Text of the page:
Indicators for Potential Drug-Drug Interactions Identified Among People Living With HIV

New data show the prevalence of potential drug-drug interactions varies according to the drug use pattern considered, with people living with HIV using multiple illegal drugs being at the highest risk.

The prevalence of potential drug-drug interactions (pDDIs) is significant in people living with HIV (PLHIV) who use drugs, according to new study results published in PLoS ONE.

The prevalence of pDDIs also varies according to the drug use pattern considered, with people using multiple drugs, or polydrug users, being at the highest risk.

Antiretroviral therapy (ART) agents pose a high risk for pDDIs. According to the study, ART agents mainly induce, inhibit, or are a substrate of cytochrome P450 enzymes, particularly isozyme CYP3A4, and could lead to pDDIs in PLHIV who both use illicit drugs and are on ART. The study authors also pointed out that not all ART or illicit drugs are associated with higher risk of pDDIs.

“While the prevalence of pDDIs associated with medication used concomitantly with ART because of associated comorbidities has been well described, with reported rates ranging between 34.9% and 89.2%, there is still a dearth of data on pDDIs between ART drugs and illicit drugs,” the authors said.

Part of a larger research project, this study by the Interdisciplinary Spanish AIDS Society analyzed multiple aspects of illicit drug use by PLHIV across 12 regions in Spain from 36 institutions There was a total sample of 694 PLHIV taking ART and illicit drugs, with drug type, frequency, and mode of consumption during the last year being the 3 variables used to measure illicit drug use.

Overall, the study used 6 main variables:

  • Use of illicit drugs and other substances
  • pDDIs between illicit and ART drugs
  • Awareness, beliefs, intentional nonadherence, and communication with health care providers on the use of drugs and potential pDDIs
  • Adherence to ART
  • Health-related quality of life
  • Health and use-of-health care-system–related variables

After excluding 38 participants due to lack of information, 335 (51.1%) participants exhibited pDDIs between their ART regimen and the illegal drugs they were consuming or had consumed in the previous year. The researchers identified 708 significant or contraindicated pDDIs, with only 1 pDDI being considered a contraindicated combination, and the mean (SD) number of pDDIs per patient was 2.1 (1.7).

Of 656 PLHIV, 220 (33.5%) consumed 1 illicit drug, 128 (19.5%) consumed 2 drugs, 93 (14.2%) consumed 3 drugs, 48 (7.3%) consumed 4 drugs, and 167 (25.5%) consumed 5 or more drugs.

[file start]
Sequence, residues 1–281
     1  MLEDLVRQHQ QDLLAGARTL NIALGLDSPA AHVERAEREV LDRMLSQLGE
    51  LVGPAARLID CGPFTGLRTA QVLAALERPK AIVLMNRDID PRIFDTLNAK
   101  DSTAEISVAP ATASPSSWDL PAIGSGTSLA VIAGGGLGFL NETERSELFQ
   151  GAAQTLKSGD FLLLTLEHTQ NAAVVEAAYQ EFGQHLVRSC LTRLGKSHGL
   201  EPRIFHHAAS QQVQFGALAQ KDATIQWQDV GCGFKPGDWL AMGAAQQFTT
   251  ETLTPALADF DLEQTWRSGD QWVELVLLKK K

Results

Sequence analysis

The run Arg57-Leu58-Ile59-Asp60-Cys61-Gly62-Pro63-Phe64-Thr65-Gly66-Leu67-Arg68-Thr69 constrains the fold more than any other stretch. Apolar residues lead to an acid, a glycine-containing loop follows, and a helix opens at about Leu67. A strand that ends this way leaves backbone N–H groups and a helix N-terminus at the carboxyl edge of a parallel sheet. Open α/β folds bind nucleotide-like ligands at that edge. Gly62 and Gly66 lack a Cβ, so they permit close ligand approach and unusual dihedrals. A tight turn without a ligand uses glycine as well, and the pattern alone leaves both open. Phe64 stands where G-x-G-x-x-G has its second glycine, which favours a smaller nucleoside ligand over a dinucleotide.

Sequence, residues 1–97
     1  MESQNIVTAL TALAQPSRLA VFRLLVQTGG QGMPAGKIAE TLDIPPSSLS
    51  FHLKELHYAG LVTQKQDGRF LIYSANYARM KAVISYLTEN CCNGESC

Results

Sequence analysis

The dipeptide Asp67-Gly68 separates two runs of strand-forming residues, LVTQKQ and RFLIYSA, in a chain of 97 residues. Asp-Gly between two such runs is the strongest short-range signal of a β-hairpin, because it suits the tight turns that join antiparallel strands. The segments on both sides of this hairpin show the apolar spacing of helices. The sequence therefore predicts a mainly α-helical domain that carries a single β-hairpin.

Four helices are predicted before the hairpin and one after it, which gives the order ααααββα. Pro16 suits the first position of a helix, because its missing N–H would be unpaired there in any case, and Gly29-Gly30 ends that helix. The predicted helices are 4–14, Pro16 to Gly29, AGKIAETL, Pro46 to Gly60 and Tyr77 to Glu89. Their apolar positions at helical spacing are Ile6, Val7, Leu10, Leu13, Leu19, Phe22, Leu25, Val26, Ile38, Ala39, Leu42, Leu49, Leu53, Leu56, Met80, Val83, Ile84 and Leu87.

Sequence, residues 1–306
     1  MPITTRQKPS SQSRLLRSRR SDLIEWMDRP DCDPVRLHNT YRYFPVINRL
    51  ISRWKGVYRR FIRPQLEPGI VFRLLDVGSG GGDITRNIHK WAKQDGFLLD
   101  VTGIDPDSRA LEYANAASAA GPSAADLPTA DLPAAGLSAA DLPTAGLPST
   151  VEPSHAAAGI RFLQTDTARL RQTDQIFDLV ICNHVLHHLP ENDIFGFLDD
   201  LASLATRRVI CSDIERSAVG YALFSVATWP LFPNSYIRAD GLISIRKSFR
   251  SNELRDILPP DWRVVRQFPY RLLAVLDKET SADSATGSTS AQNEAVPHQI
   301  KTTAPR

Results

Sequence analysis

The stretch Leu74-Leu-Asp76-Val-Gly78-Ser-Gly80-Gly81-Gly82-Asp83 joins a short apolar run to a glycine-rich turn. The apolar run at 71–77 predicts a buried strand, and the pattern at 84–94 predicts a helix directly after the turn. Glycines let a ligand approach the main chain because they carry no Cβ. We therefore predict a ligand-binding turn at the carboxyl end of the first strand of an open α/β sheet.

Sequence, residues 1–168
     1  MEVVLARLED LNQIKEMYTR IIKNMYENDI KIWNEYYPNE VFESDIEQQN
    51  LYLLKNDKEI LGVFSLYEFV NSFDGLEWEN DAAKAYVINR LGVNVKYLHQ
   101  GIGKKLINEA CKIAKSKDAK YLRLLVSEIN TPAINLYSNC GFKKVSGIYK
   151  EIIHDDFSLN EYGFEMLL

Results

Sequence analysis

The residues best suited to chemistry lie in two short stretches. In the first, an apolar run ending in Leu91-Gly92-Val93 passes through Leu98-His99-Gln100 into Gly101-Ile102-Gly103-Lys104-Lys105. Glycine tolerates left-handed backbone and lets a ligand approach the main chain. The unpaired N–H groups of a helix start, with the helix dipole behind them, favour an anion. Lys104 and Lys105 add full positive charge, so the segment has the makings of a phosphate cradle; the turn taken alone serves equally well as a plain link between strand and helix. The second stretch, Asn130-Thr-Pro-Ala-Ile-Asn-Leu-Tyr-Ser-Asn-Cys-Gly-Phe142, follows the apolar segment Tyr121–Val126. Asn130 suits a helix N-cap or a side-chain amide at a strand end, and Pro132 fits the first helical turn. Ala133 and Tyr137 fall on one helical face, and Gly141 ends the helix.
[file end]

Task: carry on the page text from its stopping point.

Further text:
Cannabis, cocaine, nitrates, and MDMA were among the most commonly used illicit drugs, and cannabis, cocaine, MDMA, and GHB/GBL exhibited a higher prevalence of pDDIs. Nitrates were the only drugs to not result in pDDIs.

The results suggest the prevalence of pDDIs is significant in PLHIV who use drugs and that the prevalence differs according to the drug use pattern considered. The results also show that experiencing pDDIs could lead to intentional nonadherence.

“Although we did not find any impact of pDDIs on other health-related variables, longitudinal studies should be undertaken to determine whether pDDIs could have an impact on the long-term health status of PLHIV,” the authors said.

PLHIV people with HIV at the highest risk of pDDIs according to their drug use pattern and monitor their treatment.

“An awareness, recognition, and the correct management of pDDIs are important in optimizing the medical and pharmaceutical care administered to PLHIV and could help to prevent a loss of efficacy of the drugs administered, as well as any adverse events that they may cause,” the authors said. “Therefore, it is essential to provide practitioners responsible for the care of patients with adequate training and the support tools required to easily access validated information.”


Castro-Granell V, Garin N, Jaen A, Cenoz S, Galindo MJ, Fuster-RuizdeApodaca MJ. Prevalence, beliefs and impact of drug-drug interactions between antiretroviral therapy and illicit drugs among people living with HIV in Spain. PLoS ONE. Published online November 19, 2021. doi:10.1371/journal.pone.0260334

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